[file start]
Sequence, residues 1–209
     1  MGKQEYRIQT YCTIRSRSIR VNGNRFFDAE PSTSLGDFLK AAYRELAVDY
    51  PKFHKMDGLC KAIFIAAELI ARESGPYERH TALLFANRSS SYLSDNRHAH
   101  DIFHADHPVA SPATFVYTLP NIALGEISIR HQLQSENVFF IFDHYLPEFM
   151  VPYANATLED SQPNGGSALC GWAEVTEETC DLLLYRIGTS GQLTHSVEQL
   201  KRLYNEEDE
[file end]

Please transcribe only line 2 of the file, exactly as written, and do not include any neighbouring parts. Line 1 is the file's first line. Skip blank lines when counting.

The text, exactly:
     1  MGKQEYRIQT YCTIRSRSIR VNGNRFFDAE PSTSLGDFLK AAYRELAVDY